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Entries in Montana fires (292)


Forecasters see "below normal" fire danger this month

(BOISE)- It doesn't mean there won't be fires. But the August 1st forecast from the region's fire managers shows a "below normal" risk of wildfire in the Northern Rockies this month.

That's the outlook contained in the latest update from the National Interagency Fire Center in Boise, the agency that tracks fire weather across the West.

Forecasters say while the conditions that created our long, wet winter and spring in Idaho and Montana this spring are gone, the weather patterns off the coast have continued cool and moist. That's kept some snow in the high country and mountain areas wetter than usual for mid-summer.

And with days growing shorter and the peak of summer temperatures passing, fire danger should be at normal levels come mid-September.


Crews still working Avalanche Butte Fire

(HELENA)- Fire crews are still working to keep the Avalanche Butte fire near Helena from spreading onto private lands.

And so far, the efforts are working despite the winds and hot temperatures of the past couple of days, with the fire still at about 40-acres.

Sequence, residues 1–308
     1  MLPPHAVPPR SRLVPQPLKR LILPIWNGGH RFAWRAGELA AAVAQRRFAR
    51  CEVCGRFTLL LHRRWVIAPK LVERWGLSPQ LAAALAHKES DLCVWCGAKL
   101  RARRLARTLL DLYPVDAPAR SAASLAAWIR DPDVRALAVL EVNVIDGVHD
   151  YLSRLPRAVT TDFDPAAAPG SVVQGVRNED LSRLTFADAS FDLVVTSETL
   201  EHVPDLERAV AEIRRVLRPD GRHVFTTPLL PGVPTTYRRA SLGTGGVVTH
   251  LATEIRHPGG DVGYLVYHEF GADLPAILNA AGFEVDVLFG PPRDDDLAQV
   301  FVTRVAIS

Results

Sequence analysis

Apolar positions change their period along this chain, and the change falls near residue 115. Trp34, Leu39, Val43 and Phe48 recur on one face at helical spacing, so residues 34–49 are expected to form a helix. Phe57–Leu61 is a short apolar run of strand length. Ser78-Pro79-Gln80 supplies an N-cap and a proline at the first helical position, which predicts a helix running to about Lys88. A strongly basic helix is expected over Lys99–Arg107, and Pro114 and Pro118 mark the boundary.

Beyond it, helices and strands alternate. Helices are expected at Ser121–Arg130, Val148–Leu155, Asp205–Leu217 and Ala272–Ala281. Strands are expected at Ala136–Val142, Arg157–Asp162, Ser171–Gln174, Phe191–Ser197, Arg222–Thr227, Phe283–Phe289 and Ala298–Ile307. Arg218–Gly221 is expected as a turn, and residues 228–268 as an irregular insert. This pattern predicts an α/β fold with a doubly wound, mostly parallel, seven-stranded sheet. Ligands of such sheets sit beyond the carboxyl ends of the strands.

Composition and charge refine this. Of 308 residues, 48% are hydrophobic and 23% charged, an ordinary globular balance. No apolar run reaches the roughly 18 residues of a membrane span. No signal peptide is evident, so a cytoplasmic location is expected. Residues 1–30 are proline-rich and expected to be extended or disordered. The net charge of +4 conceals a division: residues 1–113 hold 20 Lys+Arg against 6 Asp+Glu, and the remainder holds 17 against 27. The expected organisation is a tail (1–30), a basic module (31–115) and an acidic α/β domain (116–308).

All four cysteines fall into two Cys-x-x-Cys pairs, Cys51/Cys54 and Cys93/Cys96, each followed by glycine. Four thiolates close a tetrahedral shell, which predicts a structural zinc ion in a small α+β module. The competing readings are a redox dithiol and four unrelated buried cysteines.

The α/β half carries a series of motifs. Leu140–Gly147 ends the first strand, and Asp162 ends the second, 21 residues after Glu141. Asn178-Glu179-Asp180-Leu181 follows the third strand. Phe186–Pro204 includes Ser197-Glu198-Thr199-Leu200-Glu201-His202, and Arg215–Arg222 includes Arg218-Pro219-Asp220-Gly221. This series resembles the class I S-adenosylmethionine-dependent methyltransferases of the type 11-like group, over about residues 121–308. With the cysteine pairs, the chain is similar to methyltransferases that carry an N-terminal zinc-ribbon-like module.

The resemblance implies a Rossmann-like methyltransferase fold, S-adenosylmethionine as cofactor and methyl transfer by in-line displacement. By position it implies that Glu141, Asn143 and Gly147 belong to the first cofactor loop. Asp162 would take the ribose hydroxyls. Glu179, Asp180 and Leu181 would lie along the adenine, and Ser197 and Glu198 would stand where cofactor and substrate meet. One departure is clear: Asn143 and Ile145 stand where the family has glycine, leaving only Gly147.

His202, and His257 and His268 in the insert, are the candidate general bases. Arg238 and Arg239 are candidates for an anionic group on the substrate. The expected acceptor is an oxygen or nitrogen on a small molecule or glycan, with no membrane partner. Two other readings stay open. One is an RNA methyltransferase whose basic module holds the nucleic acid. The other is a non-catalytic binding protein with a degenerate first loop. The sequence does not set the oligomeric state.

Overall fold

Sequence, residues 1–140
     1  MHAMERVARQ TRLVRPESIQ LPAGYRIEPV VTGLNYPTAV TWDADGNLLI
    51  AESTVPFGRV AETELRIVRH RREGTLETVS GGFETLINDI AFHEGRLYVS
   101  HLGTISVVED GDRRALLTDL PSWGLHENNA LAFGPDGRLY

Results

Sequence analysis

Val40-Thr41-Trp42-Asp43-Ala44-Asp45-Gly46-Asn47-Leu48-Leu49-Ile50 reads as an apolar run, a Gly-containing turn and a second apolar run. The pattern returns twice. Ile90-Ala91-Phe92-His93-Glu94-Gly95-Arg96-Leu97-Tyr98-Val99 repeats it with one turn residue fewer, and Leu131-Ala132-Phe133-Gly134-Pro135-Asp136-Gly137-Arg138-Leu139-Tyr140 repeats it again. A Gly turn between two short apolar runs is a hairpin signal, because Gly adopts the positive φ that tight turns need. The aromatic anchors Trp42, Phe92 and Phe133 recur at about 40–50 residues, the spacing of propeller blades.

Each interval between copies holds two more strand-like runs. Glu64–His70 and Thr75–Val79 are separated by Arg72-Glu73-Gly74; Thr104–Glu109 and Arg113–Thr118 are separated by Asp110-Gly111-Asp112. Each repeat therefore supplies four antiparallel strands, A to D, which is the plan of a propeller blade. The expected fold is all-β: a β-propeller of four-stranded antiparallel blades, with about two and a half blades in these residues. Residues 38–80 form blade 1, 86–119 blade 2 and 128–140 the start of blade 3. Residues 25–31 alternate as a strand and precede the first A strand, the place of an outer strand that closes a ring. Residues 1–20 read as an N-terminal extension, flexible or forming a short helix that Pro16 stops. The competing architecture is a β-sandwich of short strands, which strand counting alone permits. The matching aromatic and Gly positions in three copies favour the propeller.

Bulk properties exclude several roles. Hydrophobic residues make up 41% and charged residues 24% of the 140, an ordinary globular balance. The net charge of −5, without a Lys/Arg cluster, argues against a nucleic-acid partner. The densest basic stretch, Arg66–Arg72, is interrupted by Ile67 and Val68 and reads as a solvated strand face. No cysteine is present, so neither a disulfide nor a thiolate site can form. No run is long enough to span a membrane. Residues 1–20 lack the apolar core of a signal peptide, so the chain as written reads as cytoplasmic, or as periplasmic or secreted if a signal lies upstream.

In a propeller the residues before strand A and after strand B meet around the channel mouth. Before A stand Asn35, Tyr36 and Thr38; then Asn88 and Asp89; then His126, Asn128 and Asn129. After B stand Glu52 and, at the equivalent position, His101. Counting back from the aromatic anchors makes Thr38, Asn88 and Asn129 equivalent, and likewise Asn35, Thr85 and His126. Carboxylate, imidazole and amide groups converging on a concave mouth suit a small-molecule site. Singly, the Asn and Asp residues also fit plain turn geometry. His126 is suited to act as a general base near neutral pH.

The fire, which is believed to have started from lightning, is burning in sub-alpine fire and whitebark pine at the head of Avalanche Gulch. The terrain is known for naturally-occurring fires, so eventually fire managers say the blaze will actually help improve terrain for wildlife and livestock grazing on the forest. They also say the location of the fire in the Big Belt Mountains will help break up the fuels in the area to help manage future wildfires under more extreme conditions. (U.S.F.S. photo)

But for now, firefighters are trying to suppress the fire to keep it from spreading onto private property, and keep the blaze burning in a designated area.

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